Otonabee Ward: Memories of a Career in Canadian Publishing
My recent book writing experience brought me into the 21st century publishing world, which is very different from my work in the industry. In the late 1970s I was an editor at a large publishing house. We editors were a diverse group: a young man whose former job was proofreading the phone book, another who was interested in Hobbit, a woman who had her own writing aspirations, and I, a graduate with my MA in English, with the dream of working in the glamorous publishing industry.
The books were divided into the trade, that is, those sold in bookstores, and the texts. We started with textbooks like novels and then worked our way up to more complicated books like history, geography, and science. We had to check facts, correct grammar and spelling, secure permissions, get ISBNs, then create a dummy layout with photos and illustrations for the art department.
We were belittled by the accounting, sales, and editorial staff – they thought we didn’t do the real work. But at the lower end of the hierarchy we thought we were superior to the discerning writers. We didn’t get tired of fretting about it – another editor would complain that a well-known writer called her drunk at night to discuss changes. I grumbled self-righteously that I would never have accepted the first manuscript from an unknown author that needed major revision.
In the large corner office sat the vice-president of the editorial board, an intimidating woman of about 75 who people said she had been there from the start. I was never quite sure what she was doing except for the manager, who would tell us about it. She was said to be independently wealthy and not on a salary.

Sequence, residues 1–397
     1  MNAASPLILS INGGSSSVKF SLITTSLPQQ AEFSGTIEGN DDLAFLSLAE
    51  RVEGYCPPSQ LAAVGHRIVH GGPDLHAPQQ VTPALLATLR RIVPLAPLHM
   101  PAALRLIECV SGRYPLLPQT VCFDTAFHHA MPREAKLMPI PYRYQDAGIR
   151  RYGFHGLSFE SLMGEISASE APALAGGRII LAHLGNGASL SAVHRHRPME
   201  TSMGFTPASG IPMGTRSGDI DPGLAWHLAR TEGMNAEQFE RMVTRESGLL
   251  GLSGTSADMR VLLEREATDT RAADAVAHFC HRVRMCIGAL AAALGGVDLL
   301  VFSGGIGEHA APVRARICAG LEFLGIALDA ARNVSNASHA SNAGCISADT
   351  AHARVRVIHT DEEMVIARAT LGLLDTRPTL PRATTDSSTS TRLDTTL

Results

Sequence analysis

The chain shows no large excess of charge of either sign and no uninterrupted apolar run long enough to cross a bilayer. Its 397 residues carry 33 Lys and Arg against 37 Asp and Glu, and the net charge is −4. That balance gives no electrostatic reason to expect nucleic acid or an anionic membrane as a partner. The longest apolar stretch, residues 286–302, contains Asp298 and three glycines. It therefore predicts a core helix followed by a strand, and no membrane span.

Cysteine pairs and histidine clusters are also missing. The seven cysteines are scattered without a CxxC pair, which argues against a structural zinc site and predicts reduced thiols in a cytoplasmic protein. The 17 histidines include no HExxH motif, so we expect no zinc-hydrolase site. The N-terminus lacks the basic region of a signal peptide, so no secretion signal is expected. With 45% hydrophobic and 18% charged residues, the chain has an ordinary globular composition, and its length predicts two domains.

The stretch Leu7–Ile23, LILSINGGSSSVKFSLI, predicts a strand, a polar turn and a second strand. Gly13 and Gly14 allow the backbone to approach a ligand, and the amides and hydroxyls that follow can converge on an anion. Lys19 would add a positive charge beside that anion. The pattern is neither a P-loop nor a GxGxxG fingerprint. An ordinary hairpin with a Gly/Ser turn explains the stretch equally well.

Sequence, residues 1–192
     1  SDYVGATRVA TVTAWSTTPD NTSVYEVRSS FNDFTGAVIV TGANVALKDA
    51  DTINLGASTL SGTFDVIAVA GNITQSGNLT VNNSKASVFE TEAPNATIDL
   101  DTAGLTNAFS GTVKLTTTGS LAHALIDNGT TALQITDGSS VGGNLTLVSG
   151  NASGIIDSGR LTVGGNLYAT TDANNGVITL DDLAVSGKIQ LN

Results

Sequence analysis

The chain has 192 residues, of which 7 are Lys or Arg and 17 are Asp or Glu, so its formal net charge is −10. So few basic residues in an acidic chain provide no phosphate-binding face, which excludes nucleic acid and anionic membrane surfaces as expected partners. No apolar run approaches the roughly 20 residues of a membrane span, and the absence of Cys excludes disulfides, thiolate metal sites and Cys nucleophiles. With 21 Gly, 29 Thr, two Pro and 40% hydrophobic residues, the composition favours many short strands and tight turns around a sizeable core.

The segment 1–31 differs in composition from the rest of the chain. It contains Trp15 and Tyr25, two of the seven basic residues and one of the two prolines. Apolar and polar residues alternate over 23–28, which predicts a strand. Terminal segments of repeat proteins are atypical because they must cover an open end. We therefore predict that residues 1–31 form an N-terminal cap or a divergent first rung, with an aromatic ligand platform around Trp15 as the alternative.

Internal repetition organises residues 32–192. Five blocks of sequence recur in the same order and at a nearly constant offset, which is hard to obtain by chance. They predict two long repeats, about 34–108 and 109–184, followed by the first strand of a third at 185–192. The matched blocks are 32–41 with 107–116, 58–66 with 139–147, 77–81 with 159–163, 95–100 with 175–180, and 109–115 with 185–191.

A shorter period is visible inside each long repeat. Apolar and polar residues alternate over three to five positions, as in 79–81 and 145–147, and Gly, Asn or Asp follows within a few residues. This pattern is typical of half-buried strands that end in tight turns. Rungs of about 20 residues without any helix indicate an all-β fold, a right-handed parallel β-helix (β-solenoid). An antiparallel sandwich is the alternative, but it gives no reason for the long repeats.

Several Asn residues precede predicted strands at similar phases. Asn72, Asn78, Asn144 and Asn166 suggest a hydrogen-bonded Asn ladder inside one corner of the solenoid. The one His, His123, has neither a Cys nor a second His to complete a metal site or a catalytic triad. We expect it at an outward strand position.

She smoked on the chain and drank tea all day, perhaps enriched with something from her desk drawer. Her face had many fine lines from the cigarette life. Her wardrobe consisted of five suits, one for each day of the week, in styles that had long been fashionable. When she was that rich, she didn’t spend it on clothes. On my first Christmas party, which I worked there, we were all invited into their large mansion, which was decorated with leather armchairs, dark mahogany paneling, and Persian carpets like a gentlemen’s club, which in my opinion was not their taste.
After a couple of fires, our hostess dropped her vigilance. She said that she had lived with her domineering mother all her life. As a young woman, she fell in love with a widower who proposed marriage, but her mother would not let her. They would meet in secret, however. I could see the heartache in her eyes so many years later. Then her friend suddenly died, leaving her money and house, and she and her mother moved in. Her mother died a few years later, and all she had left was the house and work.
That winter, I was working on a stamp book that included multiple images, permissions, a complex layout, and an eccentric author, and when I finished the TP congratulated me on my good work. Even if it wasn’t true, I said that I enjoyed working on the book and that the stamps were like miniature works of art. After that, I seemed to get harder chemistry, math, and physics texts and knew the writing was on the wall.
Fast forward 40 years – I never thought I’d switch to the other side to become one of those dreaded writers. I can only hope I wasn’t as demanding or selfish as the ones we worked with at the time.